The problem with this approach of course is that the world does not have time to stabilise emissions according to the agenda of BP. Emissions have to fall and very fast indeed if the world is to have any chance of not overshooting a 2 degree temperature increase over the pre-industrial. Leading climate scientists like those of in the Tyndall Centre are quite clear on this. Scientists like Kevin Anderson of Manchester University had repeatedly made submissions to parliament making this point drawing on the peer reviewed science that they have done. In a blog that Anderson put on this own website in January of this year he explains :
“Shale gas within 2 degrees C carbon budgets. The development of a UK shale gas industry is incompatible with UK’s equitable share of the IPCC’s carbon budget for a “likely” chance of not exceeding the 2 degrees C obligation. This remains the case even if shale gas can be combined with carbon capture and storage (CCS) technologies. The CO2 emissions from gas CCS are anticipated to be 5 to 15 times greater per kWh of electricity generated than are the emissions from either renewable or nuclear. Add to this the timeframe for developing a mature UK shale gas industry and, even with CCS, shale gas can have no appreciable role in the UK energy mix”.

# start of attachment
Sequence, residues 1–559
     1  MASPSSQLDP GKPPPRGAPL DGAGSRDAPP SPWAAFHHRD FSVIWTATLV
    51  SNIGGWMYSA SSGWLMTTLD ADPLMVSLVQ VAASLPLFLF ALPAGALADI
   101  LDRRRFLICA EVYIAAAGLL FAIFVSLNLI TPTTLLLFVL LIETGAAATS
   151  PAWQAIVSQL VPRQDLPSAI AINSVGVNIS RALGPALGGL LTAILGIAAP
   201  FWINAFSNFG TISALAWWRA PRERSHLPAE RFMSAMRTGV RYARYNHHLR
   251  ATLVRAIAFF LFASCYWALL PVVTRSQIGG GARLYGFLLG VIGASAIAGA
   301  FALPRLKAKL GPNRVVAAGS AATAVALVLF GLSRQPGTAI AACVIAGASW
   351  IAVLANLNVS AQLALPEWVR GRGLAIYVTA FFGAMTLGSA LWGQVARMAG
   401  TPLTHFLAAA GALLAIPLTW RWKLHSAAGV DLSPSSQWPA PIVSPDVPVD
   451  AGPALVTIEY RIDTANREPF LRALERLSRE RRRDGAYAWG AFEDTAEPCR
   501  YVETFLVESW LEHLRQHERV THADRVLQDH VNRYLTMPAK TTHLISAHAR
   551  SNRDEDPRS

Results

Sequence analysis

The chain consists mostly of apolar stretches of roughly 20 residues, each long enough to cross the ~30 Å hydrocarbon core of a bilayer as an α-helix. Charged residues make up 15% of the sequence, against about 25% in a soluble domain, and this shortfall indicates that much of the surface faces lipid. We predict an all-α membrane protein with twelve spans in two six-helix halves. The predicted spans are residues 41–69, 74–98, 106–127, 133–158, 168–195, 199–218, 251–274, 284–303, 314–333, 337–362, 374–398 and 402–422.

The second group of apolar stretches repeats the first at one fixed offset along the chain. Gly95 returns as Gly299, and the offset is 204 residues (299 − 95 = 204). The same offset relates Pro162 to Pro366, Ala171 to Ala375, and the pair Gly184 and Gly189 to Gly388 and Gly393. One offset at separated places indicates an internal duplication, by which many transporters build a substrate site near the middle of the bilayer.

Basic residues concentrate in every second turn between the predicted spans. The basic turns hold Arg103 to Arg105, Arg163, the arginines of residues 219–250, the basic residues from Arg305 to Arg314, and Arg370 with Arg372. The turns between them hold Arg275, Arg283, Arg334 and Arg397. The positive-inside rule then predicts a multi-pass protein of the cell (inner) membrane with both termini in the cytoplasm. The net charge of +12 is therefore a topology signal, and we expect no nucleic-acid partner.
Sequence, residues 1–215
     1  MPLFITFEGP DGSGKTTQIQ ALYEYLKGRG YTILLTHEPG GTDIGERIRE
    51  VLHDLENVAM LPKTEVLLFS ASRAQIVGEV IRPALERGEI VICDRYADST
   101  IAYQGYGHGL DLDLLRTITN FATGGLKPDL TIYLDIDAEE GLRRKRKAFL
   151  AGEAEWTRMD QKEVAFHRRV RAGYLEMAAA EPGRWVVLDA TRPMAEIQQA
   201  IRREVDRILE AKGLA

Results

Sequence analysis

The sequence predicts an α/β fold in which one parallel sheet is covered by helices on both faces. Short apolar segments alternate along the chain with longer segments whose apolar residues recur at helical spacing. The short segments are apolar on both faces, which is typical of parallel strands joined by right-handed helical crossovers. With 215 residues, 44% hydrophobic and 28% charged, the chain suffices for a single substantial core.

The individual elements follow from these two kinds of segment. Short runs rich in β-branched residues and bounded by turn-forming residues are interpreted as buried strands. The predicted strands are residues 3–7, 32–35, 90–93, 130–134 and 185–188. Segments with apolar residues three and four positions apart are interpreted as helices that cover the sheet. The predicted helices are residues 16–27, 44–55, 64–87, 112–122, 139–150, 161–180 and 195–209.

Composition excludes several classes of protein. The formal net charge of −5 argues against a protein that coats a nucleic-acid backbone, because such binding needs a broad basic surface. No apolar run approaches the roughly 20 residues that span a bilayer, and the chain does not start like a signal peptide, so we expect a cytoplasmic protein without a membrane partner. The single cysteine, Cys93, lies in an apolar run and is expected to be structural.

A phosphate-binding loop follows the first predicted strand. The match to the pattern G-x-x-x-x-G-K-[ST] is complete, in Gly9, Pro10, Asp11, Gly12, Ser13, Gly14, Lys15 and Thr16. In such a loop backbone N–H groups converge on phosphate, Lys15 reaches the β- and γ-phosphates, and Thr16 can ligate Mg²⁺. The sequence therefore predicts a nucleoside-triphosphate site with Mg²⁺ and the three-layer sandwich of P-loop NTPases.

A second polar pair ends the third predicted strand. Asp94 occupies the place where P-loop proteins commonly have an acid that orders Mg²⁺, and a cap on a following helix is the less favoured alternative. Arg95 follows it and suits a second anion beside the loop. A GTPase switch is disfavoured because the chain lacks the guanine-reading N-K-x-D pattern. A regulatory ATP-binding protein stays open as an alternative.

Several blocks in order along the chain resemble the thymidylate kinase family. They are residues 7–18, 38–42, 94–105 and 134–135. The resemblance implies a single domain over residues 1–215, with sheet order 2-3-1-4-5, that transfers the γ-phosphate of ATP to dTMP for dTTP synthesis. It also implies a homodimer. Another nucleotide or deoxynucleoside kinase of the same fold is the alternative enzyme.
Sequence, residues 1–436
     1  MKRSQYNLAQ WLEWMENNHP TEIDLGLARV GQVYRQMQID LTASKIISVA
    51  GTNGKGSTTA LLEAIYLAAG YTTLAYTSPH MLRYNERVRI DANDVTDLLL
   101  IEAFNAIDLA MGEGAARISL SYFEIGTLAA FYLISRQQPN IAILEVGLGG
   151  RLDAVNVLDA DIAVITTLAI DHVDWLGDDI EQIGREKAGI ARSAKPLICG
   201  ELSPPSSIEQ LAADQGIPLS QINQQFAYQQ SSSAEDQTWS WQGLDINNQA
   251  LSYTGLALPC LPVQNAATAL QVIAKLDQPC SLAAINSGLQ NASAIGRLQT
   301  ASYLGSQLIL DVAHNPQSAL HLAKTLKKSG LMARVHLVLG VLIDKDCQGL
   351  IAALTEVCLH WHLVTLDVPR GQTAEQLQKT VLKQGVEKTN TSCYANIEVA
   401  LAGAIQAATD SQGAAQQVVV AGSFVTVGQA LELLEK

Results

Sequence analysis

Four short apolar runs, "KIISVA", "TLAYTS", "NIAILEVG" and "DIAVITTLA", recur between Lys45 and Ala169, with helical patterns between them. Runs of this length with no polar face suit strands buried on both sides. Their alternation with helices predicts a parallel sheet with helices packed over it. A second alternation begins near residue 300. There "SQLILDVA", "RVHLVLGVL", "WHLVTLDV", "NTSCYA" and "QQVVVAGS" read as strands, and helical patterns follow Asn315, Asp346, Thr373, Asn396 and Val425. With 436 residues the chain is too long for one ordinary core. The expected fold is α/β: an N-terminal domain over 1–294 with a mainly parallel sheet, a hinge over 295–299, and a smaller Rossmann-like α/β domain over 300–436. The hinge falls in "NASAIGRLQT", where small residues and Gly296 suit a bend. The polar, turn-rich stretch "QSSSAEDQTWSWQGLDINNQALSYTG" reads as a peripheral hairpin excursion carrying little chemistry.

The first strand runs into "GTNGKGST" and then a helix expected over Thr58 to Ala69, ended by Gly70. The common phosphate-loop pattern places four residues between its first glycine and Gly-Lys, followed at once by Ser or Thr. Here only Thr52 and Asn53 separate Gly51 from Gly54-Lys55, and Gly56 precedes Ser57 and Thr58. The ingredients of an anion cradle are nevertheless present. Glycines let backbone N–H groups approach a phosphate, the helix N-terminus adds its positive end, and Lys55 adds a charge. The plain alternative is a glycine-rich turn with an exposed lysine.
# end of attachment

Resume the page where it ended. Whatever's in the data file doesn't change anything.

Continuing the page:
Now let’s turn to the issue, mentioned in the book, of “fugitive emissions”. As Stephenson acknowledges, the real killer for any argument that natural gas is better for the climate than coal is evidence about so-called “fugitive emissions”. This is a phrase used to describe the leakage of natural gas or methane into the atmosphere during the production and distribution of natural gas. Since natural gas is mainly methane and since methane is a very powerful greenhouse gas, much more powerful that CO2, a high level of leakage would completely undermines the case for shale gas. If fugitive emissions are high then the argument for natural gas is lost – if they are low then there is a case that natural gas is a lower carbon energy source (although whether it is low enough, given the need to rapidly reduce emissions, is another question). So what’s the situation and how does Stephenson describe it in this book?